Insights into Editorial: The dragon at the NSG high table
As India continues to push for a seat in the NSG, it seems an uphill task, and the view from the Hill isn’t rosy either. Many countries, mainly China and Italy, stand opposed to India’s bid. Speculation is rife if over the next two years, either India or India and Pakistan or none could make it through the NSG.
In the NSG plenary session in Seoul in June 2016, New Delhi blamed Beijing for the “Consensus Minus One” hurdle to its bid even though close to a dozen countries including Mexico, Brazil, Norway, Ireland expressed serious reservations over India not being signatory to the “Non Proliferation Treaty.”
What is NSG?
Nuclear Suppliers Group (NSG) is a multinational body concerned with reducing nuclear proliferation by controlling the export and re-transfer of materials that may be applicable to nuclear weapon development and by improving safeguards and protection on existing materials.
Interestingly, the NSG was set up in 1974 as a reaction to India’s nuclear tests to stop what it called the misuse of nuclear material meant for peaceful purposes. Currently, it has 48 members.
Why China is opposing India’s entry into the NSG?
India is not a member of the NPT. It is a point that China has consistently raised while trying to block India’s membership to the NSG. China has also averred that for non-NPT members some definite criteria should be evolved rather than granting country specific waivers. At other times, it has stated that Pakistan also has similar credentials to join the NSG; and that if India is admitted, Pakistan should also be admitted simultaneously.
China has also maintained that there are several countries which have reservations about India’s membership of the NSG. Further, if only India were to be admitted, it would disturb the nuclear-arms balance in South Asia as India will engage in a massive nuclear weaponisation programme. Finally, China has stated that India’s membership will ”jeopardise” China’s national interests and touch a ”raw nerve” in Pakistan.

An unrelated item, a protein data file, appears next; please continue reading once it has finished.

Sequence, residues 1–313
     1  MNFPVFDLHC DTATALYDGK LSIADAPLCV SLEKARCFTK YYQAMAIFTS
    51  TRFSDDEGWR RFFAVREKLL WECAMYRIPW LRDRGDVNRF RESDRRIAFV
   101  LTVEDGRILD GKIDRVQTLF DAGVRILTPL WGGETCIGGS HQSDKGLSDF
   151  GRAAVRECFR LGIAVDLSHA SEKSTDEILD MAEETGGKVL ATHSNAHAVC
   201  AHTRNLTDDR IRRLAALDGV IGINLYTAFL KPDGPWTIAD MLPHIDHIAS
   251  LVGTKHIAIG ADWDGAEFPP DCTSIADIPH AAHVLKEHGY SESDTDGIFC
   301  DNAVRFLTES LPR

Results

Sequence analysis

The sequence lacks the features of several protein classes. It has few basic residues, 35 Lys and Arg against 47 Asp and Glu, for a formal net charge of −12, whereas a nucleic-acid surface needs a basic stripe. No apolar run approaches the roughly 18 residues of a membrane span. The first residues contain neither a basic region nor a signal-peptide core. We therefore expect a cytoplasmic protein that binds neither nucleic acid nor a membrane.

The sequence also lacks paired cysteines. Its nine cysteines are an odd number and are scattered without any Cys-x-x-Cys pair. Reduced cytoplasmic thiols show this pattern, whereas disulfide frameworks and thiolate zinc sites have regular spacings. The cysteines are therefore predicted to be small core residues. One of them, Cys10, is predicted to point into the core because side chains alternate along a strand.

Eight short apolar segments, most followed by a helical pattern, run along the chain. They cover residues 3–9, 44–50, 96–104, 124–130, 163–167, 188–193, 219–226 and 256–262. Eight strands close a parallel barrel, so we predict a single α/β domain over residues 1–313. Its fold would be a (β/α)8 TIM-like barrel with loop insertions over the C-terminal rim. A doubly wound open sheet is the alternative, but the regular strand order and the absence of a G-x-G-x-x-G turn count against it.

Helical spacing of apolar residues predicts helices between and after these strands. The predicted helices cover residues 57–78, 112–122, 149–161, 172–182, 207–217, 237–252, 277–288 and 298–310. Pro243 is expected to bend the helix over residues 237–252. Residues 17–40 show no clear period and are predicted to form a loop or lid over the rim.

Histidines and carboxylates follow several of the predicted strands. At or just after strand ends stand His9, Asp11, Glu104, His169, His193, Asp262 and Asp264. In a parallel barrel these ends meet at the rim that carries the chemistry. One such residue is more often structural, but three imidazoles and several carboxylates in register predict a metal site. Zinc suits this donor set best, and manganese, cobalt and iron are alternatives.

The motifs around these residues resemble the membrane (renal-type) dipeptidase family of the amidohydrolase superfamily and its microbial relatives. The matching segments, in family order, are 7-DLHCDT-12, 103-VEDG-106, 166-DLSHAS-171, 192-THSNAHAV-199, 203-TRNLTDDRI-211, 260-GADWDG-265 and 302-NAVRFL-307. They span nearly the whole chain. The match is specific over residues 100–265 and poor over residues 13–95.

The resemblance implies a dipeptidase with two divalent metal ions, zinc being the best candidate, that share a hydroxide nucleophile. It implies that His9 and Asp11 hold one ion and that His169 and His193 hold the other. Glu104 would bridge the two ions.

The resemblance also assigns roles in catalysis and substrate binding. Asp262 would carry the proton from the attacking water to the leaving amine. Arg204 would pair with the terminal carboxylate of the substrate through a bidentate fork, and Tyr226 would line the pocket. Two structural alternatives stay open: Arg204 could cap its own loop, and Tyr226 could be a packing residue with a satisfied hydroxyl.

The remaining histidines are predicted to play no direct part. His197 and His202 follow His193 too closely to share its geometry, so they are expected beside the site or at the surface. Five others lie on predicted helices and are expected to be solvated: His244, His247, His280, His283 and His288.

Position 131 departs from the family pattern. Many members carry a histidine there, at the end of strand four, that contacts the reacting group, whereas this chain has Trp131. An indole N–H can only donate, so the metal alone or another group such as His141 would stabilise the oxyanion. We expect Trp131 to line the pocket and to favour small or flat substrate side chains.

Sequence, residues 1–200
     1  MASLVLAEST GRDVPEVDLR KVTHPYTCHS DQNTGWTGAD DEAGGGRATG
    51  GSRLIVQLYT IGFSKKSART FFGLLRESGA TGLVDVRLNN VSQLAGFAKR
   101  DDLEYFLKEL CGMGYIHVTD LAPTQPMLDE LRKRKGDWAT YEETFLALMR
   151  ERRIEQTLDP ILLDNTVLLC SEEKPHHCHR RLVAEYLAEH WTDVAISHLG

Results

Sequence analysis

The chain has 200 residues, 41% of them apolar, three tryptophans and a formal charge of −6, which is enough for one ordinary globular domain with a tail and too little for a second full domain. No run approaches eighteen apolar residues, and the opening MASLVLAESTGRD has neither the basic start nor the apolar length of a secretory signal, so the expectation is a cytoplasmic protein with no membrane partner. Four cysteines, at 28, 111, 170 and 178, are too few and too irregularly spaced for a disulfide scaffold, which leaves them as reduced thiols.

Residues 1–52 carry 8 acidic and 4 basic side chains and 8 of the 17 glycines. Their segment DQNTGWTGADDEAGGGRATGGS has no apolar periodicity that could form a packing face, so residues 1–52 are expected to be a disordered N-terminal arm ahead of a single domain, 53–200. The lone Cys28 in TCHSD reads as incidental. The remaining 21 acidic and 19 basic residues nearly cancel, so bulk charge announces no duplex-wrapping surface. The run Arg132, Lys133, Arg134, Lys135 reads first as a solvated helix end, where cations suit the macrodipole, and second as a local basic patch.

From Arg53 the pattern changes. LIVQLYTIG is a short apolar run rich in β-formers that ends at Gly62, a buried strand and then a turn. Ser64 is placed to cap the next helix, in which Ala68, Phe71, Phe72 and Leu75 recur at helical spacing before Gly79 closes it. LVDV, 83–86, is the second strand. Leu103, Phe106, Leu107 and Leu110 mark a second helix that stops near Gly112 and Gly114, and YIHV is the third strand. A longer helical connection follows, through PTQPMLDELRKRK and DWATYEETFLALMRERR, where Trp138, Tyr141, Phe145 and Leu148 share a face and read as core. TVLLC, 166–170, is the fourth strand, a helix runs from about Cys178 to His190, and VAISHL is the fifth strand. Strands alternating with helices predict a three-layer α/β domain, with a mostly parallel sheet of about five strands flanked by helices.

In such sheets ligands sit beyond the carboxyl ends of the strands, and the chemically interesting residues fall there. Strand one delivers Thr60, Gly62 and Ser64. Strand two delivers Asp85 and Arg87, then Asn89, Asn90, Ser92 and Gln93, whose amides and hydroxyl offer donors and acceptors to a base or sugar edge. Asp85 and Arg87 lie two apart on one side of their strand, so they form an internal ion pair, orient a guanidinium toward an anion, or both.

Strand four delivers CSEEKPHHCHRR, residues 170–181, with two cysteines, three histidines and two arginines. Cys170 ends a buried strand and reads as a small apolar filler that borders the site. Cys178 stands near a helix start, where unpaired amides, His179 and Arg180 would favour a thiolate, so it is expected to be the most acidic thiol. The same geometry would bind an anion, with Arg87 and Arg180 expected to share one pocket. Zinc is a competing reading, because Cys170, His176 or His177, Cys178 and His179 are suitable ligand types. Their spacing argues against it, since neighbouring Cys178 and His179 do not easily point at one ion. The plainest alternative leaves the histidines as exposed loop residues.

Benefits associated with NSG’s membership:
- Analysts say joining the NSG is chiefly a matter of pride and desire to be taken seriously by some of the world’s most powerful nations. Since prompting international technology sanctions and limits on exports by conducting nuclear tests in 1998, India has been eager to gain legitimacy as a nuclear power.
- Joining the NSG will give India better access to low-cost, clean nuclear energy — important for its economic growth. Nuclear power is one way India, the third-biggest emitter of greenhouse gases, could cut its emissions and reduce air pollution from coal-fired power plants.
- NSG membership would put India on a firmer footing to propose the idea of plutonium trade for its thorium programme that has been waiting in the wings. An early adoption of thorium technology would give India enormous energy independence and security.
Most questions raised by China against India’s membership have little validity. For instance, membership of NPT is not a condition for becoming a member of NSG. It is only a guiding principle to which consideration needs to be given. Pakistan’s credentials for NSG membership are highly flawed and inadequate.
Over the last eight years India, as per its commitment, has separated its reactors which are under IAEA safeguards and those which are not. Pakistan has a blemished and flawed proliferation record as it has engaged in illicit supply of nuclear technology and materials to Iran, Libya and North Korea. No comparison between the track records of the two countries is hence justified. India maintains that rather than evolving criteria, its performance should be the basis on which the decision on its application should be taken.
What needs to be done?
With the NSG plenary set to meet again in June this year, despite technical preparations, a resolution will be difficult to reach without political will. Besides, a green light to India’s entry is a political decision that China will have to make.
China may not shy away from advocating keeping out all-weather friend Pakistan in order to keep India out. Therefore, a seat at the high table will be required to influence decisions and nuclear export in future. So, any proposal to woo baiters would have to be window-dressed to look considerate of future bids from other non-NPT players including Israel, instead of appearing to be tailor-made only for India.
While considering India’s membership application, the NSG will also have to consider the fact that accepting this application can pose problems on the processing of applications from Pakistan and Israel, both of whom have not signed the NPT.
For now, NSG will be an uphill task with China unwilling to play nice. But, both substantively and commensurate with its expanding international prestige and profile, India’s membership of NSG is of vital significance.